Costs of equity and earnings attributes
We examine the relation between the cost of equity capital and seven attributes of earnings: quality, persistence, predictability, smoothness, value relevance, timeliness and conservatism. We refer to the first four attributes as accounting-based because measures of these constructs are typically based on accounting information only. We refer to the last three attributes as market-based because proxies for these constructs are typically based on relations between market data and accounting data. Our analysis of the cost of capital effects of these attributes is based on two distinct approaches to measuring the cost of capital: a cross-sectional approach which uses ex ante cost of capital estimates derived from analyst forecast data, and a time-series approach that uses realized returns and asset pricing regressions. Across both sets of tests, we find that firms with the most favorable values of each attribute, viewed individually, enjoy significantly lower costs of capital than firms with the least favorable values. The largest cost of capital effects are found for the accounting-based attributes; within this set, earnings quality has the strongest effects. Among the market-based attributes, value relevance dominates timeliness and conservatism. Considering all attributes together, the results show that investors consistently price earnings quality and earnings persistence, and to a lesser extent, value relevance.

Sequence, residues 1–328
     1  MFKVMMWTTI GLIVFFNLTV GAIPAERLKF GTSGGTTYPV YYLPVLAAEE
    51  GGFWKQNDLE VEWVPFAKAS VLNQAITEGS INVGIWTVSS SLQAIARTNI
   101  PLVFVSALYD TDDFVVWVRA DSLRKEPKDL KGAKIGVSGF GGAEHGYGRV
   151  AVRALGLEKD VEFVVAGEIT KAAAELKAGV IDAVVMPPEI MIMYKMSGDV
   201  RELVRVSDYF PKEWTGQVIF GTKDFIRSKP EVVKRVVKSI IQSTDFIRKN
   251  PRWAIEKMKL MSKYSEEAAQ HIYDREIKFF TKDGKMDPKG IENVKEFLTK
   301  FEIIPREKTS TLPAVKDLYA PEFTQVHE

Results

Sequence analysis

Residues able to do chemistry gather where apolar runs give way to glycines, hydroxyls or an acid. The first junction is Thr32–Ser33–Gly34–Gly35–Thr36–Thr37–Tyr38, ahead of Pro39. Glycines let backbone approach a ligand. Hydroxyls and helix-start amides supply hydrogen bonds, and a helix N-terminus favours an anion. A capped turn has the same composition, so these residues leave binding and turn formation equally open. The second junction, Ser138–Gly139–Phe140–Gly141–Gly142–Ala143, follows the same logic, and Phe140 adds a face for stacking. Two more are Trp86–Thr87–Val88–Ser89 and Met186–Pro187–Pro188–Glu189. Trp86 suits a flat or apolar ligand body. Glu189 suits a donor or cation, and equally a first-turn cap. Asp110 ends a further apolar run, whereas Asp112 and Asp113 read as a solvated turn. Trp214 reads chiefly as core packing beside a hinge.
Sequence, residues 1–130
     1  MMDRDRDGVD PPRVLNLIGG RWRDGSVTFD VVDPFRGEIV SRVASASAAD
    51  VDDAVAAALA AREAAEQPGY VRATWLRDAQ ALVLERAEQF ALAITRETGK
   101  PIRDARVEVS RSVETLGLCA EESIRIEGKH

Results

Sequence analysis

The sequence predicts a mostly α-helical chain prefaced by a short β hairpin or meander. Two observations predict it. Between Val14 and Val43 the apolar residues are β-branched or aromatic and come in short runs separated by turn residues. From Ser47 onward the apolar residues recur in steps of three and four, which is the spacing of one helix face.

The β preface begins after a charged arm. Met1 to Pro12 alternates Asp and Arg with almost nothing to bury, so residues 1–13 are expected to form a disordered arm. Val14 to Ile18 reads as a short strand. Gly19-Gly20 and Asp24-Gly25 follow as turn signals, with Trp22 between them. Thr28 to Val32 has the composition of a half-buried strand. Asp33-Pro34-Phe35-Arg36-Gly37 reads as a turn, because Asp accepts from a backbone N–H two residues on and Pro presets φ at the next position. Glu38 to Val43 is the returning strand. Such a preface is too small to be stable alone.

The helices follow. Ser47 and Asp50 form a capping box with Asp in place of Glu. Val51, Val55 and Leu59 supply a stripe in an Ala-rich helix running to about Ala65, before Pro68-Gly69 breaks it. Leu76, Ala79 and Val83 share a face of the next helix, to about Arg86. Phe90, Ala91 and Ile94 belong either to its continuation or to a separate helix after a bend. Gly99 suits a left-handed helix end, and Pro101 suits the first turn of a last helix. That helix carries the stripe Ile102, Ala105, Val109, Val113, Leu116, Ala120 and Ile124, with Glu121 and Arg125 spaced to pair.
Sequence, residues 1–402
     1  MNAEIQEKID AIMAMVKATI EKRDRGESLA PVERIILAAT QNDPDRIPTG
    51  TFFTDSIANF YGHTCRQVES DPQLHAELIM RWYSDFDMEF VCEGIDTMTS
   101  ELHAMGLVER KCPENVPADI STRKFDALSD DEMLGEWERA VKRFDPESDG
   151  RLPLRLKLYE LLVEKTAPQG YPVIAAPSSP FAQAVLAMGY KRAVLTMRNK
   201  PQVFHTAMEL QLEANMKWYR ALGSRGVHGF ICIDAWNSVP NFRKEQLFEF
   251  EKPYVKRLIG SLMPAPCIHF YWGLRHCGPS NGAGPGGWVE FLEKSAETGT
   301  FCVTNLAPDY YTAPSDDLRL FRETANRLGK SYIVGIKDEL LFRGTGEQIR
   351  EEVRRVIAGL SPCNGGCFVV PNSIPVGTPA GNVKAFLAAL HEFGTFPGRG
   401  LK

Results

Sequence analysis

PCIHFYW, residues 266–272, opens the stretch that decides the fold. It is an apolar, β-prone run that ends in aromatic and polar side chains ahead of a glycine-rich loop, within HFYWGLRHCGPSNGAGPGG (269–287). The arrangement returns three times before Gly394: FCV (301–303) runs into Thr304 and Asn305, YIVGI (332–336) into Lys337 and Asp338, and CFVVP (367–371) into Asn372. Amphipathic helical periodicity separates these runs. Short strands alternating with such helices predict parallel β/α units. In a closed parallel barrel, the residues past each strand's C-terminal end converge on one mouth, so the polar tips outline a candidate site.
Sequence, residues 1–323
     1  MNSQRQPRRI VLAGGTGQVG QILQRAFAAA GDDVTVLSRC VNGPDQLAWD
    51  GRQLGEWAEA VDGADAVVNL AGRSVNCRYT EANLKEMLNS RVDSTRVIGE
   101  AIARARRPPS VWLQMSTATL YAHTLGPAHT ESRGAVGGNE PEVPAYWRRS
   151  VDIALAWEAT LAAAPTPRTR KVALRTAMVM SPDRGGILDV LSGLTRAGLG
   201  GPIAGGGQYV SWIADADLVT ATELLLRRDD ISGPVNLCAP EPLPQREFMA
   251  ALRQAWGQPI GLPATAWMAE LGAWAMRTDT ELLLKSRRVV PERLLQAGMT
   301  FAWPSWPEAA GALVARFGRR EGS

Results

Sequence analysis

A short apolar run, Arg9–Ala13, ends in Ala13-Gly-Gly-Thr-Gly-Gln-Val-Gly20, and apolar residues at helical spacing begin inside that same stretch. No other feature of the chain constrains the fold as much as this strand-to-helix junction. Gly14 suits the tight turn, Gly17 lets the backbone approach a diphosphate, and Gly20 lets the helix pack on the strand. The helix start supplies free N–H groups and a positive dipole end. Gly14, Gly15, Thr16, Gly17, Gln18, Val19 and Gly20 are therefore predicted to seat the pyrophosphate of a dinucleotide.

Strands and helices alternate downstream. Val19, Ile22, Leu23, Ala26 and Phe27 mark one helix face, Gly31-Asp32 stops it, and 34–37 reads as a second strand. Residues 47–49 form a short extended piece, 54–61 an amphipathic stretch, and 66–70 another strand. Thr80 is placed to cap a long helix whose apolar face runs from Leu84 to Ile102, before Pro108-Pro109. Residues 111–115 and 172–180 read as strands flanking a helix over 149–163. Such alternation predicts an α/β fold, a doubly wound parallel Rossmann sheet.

With the permission of the American Accounting Association